The aim of this exploratory research and comparative numerical pilot study was to investigate any significant differences in the microbiological content of tap and bottled water through the measurement of risk indicator parameters including Enterococci , Escherichia coli (E. coli ) and colony-forming units (CFUs). This study to investigate storage conditions and compare consumer options of public water supply and bottled water using microbiological limits was carried out for public health research. This was a unique pilot study to Northern Ireland with global relevance due to the increase in the bottled water market and the need to address the lack of consumer awareness regarding storage and microbiological content. No E. coli or Enterococci were found in any of the 31 tap or bottled water samples. Three unrefrigerated bottled water samples exceeded the threshold in Colony Counts 22˚C & 37˚C (degrees Celsius) and failed in line with Drinking Water Directive guidelines. This indicated a link between storage conditions and microbiological quality. No link between prices or microbiological quality was indicated. This research recommends the creation of a regulator for the bottled water industry, the need for clearly labelled microbiological content and daily testing. Water suppliers such as Northern Ireland (NI) Water should promote the quality of tap water. Recommendations are also outlined for consumers. There is no statistically significant difference in the microbiological quality of tap and bottled water in Northern Ireland despite marketing claims.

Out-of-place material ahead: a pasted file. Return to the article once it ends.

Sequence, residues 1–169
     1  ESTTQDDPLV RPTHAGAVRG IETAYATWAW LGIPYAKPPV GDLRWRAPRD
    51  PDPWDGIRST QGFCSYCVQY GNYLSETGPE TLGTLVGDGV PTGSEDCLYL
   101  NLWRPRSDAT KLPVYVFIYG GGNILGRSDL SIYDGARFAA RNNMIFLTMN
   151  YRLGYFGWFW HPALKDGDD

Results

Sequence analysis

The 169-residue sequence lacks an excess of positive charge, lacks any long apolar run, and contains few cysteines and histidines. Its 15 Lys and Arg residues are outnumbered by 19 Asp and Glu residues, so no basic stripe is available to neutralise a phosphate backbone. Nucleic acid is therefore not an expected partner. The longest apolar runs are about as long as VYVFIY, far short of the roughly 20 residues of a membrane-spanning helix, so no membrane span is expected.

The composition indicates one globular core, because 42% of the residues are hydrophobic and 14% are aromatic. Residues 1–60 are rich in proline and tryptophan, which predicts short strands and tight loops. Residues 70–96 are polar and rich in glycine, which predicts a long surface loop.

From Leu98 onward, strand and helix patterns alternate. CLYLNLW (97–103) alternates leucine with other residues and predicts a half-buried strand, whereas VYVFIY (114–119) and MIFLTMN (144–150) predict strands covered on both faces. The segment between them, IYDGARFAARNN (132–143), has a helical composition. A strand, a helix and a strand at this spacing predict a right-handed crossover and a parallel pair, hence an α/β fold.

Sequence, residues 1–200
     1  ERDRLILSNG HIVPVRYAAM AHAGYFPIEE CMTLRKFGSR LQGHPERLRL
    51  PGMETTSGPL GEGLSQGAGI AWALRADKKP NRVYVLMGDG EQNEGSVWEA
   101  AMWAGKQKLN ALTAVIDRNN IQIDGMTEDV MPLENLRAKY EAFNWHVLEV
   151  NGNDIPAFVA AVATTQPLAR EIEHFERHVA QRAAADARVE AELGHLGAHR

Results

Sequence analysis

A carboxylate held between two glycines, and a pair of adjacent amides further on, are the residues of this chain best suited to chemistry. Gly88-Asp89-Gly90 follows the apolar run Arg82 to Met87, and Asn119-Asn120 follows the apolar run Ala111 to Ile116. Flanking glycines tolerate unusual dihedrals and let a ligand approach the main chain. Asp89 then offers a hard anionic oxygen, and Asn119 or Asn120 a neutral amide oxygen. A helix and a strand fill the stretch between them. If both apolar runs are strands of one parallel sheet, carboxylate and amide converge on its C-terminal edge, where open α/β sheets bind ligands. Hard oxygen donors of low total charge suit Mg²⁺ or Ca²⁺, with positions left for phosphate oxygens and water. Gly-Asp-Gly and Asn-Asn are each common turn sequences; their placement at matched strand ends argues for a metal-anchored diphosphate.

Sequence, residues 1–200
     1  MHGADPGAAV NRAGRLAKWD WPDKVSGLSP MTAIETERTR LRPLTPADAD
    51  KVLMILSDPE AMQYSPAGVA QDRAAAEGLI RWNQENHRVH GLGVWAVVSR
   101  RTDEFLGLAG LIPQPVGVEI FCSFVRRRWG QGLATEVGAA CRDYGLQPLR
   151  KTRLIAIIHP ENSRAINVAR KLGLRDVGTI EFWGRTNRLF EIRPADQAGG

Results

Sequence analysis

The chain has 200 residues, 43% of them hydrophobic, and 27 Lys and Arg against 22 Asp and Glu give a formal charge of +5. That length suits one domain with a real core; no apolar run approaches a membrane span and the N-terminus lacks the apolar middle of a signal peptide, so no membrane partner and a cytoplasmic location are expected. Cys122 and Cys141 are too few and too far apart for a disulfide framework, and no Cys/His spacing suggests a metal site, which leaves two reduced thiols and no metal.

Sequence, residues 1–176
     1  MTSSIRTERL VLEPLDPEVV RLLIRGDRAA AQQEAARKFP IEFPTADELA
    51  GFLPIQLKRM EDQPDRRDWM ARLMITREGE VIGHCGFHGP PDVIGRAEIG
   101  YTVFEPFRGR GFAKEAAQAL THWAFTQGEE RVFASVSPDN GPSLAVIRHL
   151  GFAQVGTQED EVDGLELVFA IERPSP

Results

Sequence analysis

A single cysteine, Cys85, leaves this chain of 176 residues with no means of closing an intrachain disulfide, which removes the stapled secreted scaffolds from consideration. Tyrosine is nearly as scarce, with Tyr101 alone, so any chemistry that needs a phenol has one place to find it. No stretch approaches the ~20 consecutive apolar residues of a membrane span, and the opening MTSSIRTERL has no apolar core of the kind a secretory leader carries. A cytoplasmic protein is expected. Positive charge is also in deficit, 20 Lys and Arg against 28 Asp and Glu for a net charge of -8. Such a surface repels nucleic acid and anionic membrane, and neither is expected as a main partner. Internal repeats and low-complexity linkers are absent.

- Public Health